If you’ve been hopping on trains with big loads of luggage and gleefully stowing it Amtrak’s baggage compartments, you’re going to need to curb your tendency to over pack: starting Oct. 1, Amtrak will start enforcing its baggage weight limits, handing out fees to those hauling more than their fair share onboard.
When you’ve already cruised the highways and byways of your hometown, the idea of a bike trip in another state can certainly be appealing — there are new hills to vanquish, deep forests or vast deserts waiting to be discovered on two wheels and long stretches of road to zoom on. To help folks who need to travel to hook up with popular bike trails and routes, Amtrak is expanding its service that lets passengers bring their bikes onboard trains.
After embarking on a trial allowing dogs and cats to travel on some trains along with their owners last spring, it seems Amtrak could soon have pet cars on all its trains nationwide. In a bill passed by the House that approved Amtrak funding, legislators rewrote the rules regarding furry companions riding the rails.
We’ve all had that no good, very bad commuting day, when nothing seems to go your way. But while normal woes include traffic jams, heinously crowded subway cars and missed buses, an art collector in Switzerland had the worst kind of transit trouble one might imagine — he got off a train and forgot to bring a $1.24 million piece of 13th century artwork with him. Oops.
The police in Uxbridge, Massachusetts have a request. Someone out there is standing on train bridges and defecating on passing locomotives, and the police would like these people to stop. [More]
Trains! Such adorable little vestiges of a golden era gone by, so rich in quaint customs like not allowing pets onboard, even as those young upstart airlines have accepted furry friends for decades. But Amtrak is possibly going to change that, with a new trial policy of allowing dogs and cats on trains — but just on certain routes for now. [More]
Nothing strikes fear into the hearts of passengers on mass transportation quite like a slithery reptile, thanks to the movie that started it all, Snakes on a Plane. And because “plane” rhymes with “train,” of course a story about a train being evacuated due to a snake is going to catch the eye. [More]
A convenient feature of Chicago’s O’Hare airport for many travelers is the Blue Line train that runs directly to the airport, providing an easy way to get to your flight without too much hassle. But there was plenty of hassle involved yesterday when one of those trains jumped a barrier at the end of the tracks and went up the escalator that leads to the terminals, injuring dozens. [More]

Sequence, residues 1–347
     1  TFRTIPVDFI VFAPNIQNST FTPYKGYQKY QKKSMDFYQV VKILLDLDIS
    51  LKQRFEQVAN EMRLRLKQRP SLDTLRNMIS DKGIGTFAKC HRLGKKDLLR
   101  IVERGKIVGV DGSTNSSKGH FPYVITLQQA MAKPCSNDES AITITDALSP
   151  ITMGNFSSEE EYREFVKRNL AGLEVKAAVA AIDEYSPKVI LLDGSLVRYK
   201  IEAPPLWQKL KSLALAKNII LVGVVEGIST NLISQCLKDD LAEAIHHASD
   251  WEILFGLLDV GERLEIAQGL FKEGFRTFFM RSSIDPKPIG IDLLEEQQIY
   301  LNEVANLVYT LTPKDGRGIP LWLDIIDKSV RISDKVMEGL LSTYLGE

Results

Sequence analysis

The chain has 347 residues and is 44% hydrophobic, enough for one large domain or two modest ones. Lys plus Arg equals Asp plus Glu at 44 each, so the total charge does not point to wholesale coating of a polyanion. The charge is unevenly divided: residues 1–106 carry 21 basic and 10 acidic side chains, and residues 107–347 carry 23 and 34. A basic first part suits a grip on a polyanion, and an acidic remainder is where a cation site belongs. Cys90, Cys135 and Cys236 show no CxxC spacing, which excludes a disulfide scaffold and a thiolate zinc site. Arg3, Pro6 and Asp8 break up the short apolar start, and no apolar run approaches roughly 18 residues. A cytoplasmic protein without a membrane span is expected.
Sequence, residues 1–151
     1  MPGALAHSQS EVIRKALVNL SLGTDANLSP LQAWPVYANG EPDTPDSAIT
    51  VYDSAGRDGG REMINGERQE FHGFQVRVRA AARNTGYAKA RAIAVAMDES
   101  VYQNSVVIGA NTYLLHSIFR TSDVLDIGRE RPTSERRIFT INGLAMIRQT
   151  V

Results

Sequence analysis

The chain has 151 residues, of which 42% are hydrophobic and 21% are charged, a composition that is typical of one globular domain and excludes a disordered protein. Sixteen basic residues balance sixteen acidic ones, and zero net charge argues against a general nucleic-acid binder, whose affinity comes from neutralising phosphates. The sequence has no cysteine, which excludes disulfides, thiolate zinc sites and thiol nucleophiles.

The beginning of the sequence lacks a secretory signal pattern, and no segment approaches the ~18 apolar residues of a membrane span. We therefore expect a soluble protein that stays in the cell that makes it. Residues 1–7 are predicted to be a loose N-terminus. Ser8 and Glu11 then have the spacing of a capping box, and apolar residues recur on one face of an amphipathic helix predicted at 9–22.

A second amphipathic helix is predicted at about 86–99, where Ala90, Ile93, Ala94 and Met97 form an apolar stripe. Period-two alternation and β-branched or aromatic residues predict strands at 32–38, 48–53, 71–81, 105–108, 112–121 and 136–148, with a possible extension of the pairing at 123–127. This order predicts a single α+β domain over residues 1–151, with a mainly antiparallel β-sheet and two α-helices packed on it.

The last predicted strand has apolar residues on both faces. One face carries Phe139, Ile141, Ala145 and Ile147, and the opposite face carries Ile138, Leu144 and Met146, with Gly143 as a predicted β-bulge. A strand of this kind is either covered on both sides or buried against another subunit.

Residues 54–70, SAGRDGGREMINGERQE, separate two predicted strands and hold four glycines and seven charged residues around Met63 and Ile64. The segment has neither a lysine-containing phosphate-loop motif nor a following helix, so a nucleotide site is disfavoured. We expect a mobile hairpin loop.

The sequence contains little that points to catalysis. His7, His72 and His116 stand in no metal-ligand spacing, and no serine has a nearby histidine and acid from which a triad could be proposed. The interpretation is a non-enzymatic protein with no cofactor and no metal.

What a difference a few weeks and a bunch of writers who want a free roundtrip train ride can make: After Amtrak’s initial writers’ residency stirred up interest at the end of February, Amtrak has officially unveiled its program and is now accepting applications. [More]
The best way to deal with being told to quiet down and watch your language on the phone while riding the rails is probably not to n pull out the “I’m educated so I’m not doing anything wrong” card and continue to yell and disrupt the rides of others. One woman did just that last week on a Metro North train out of New York City.
A woman boarded one of Amtrak’s “quiet cars” – special train cars set up where cellphone use and other loud noises are verboten – and proceeded to talk loudly for 16 hours on the moving train on her cellphone before police removed her.
A scrawled note scotch-taped to the New Rochelle train station in New York tells passengers that they better hold it. The city has decided that’s it too expensive to keep the bathrooms open. The recession takes its toll on your toilet.
Hey, collective American society — did you ever wonder why that $3 billion in change sitting on your dresser went missing? The answer is rail companies made off with it. A May Consumer Federation of America study found that freight rail monopolies cost Americans that much because they were able to charge unfair prices due to the convenient lack of competition. The Journal of Commerce reports:
With all the talk about trains in recent days, reader Zach decided to do some quick Googling to check out some train ticket prices. He typed in “cheap train tickets” and what do you know? Oh, hello Delta! We didn’t know you were in the train business now. Let’s click on your link on the small hope that maybe there’s a train ticket discount or some sort of…nope, same old Delta. Zach’s letter, inside…